bipap swivel tube

Here is a swivel tube that I connect to the end of the Bipap tubes. It allows the mask and the big hose, coming off the Bipap machine, to swivel. Allowing more freedom to move your head without having to adjust the hose at night.

bipap oxygen port tube

This is the tube used as the oxygen port for my Bipap mask. The arm on it is where I attach my oxygen tubing and it also swivels around for convenience of movement.

I clean all these pieces of my Bipap in mild liquid dishwashing soap. I don’t use antibacterial soap. I fear that the chemicals used in these soaps could harden the silicone in the mask making it weaker and fall apart. Remember, most insurance will pay for replacement masks & tubing every SIX months. but you have to call to request them from the DME company that services your Bipap.

wash bipap mask

When I wash my Bipap mask, I use just my hands in warm sudsy water in a small basin (NOT MY SINK!). I gently bend down the inner soft blue silicon cushion and rub my finger tip down the inside between the thin outer membrane of the mask and the gel cushion. Don’t push or use fingernails to scratch anything. You don’t want to tear any part of the silicone gel cushion. When I’m done cleaning the mask and tubes, I rinse each piece in cold water. Make sure all soap is rinsed off. Use a paper towel to dry off each part. The mask is the hardest to dry. I have to bend the blue gel cushion down gently and slide the paper towel in the space to absorb most of the moisture. You won’t be able to get it all. Today, I used my hair dryer on COLD air and on the LOWEST setting to dry the inside of the mask. Make sure, if you try this, that the air from the hair dryer remains cold. You can also let it air dry. For me, I tend to need my mask for naps. So, air drying is ok but it is time consuming. Thus, the reason for the hair dryer. It’s really important to get the Bipap mask dry. You don’t want to have mold or mildew growing somewhere where you breathe from.

To disinfect the bipap mask: Soak the mask in a solution of one part white distilled vinegar to four parts water for 20 to 30 minutes. Rinse in cold water and then dry with paper towel and then air dry. I do this every so often.

I know this is bad of me to admit this but I don’t clean my mask as often as the guidelines suggest (once daily). I’m not neurotic about cleaning my mask. If I see that it not clean, then I wash it. My best advice is to keep your mask and Bipap machine clean and in good working order. Keep everything dust-free and off the floor. Check your filters often so you know when to replace the paper filter and wash the sponge filter. Keep yourself healthy!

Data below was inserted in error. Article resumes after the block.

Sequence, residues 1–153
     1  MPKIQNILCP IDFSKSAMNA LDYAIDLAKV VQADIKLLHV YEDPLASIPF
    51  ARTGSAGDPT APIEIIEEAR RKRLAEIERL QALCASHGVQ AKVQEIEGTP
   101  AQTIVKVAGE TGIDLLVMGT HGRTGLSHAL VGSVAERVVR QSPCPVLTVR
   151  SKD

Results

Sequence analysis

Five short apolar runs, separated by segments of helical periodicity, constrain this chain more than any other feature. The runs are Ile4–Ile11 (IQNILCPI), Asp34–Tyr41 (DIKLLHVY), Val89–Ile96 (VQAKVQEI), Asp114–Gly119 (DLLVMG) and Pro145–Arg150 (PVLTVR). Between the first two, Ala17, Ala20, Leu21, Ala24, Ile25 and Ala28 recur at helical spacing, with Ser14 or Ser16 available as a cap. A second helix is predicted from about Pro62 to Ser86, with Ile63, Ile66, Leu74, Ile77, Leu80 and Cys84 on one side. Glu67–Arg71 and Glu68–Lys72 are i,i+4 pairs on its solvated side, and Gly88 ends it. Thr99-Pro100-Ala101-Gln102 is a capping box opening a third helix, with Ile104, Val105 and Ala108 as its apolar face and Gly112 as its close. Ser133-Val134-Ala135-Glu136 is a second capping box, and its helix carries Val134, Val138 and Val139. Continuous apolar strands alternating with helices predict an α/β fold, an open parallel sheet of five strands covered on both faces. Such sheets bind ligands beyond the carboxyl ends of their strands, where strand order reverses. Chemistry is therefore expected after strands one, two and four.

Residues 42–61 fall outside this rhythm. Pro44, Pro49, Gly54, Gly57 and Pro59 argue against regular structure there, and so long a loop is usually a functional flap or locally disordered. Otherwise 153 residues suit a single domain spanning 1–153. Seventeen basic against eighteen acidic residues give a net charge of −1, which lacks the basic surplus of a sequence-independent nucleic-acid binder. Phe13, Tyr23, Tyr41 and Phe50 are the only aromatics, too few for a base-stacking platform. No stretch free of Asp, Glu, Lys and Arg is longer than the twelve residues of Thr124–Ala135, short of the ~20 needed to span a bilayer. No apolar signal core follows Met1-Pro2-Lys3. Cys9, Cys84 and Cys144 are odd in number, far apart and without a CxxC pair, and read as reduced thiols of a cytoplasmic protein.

Sleeping with a Bipap Machine

Living On O2 for Life

Bipap Machine

This is a machine that pretty much saved my life! I can no longer sleep without it. It’s called a Bipap machine. I wear the mask over my whole nose and the machine forces room air mixed with oxygen into my lungs and then only allows me to exhale a small amount. This keeps my lungs filled with air at all times. I started using this machine in 1993. The models of this machine has greatly improved over the years. Mine has a small memory card that when the doctor pulls it out (It looks like a credit card), he can use his computer to read how much I actually use the machine. Last week, the doctor looked at the card and it showed that I use my bipap on average of 12 hours a day. Granted, some days I use less and some days I use more due to not feeling well. This is a pretty neat machine. On the front of this machine is a water reservoir that acts as a humidifier. The water is warmed (if you want to turn on the heater) by the plate that the machine sits on. This comes in handy during the winter time when the air is cold. It will warm up the air that flows through the humidifier before you inhale. That really helped when I had bronchitis last September.

When I first started using the bipap, my husband had a hard time looking at me. He was a little scared because this was yet another step in my health declining. The mask wasn’t a very sexy thing to wear to bed.. I must admit. But, it gave me back my energy during the daytime. I could sleep at night without feeling like I was falling into a deep dark hole and not able to wake up. Before using this machine, I would nearly stop breathing and my CO2 went sky high. My breathing was so shallow that sleeping with just my oxygen on wasn’t enough anymore. I had to use the bipap.

It was really hard to get use to the force of air going through my nose. At times, it would blow out my sinuses and make me extremely miserable. Other times, I have trouble with stuffed up nose when I lie down to sleep.